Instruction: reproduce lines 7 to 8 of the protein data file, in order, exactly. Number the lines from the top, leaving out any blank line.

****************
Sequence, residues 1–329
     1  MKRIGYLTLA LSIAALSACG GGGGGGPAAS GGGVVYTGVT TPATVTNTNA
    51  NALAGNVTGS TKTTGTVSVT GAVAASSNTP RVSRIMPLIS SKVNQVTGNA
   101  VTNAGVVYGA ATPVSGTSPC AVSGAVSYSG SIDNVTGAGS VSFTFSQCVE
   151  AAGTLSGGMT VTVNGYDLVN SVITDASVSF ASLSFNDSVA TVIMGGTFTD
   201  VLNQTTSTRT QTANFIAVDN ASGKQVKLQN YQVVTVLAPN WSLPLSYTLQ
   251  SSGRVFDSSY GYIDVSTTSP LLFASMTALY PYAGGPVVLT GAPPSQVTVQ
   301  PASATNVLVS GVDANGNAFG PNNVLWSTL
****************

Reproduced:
   251  SSGRVFDSSY GYIDVSTTSP LLFASMTALY PYAGGPVVLT GAPPSQVTVQ
   301  PASATNVLVS GVDANGNAFG PNNVLWSTL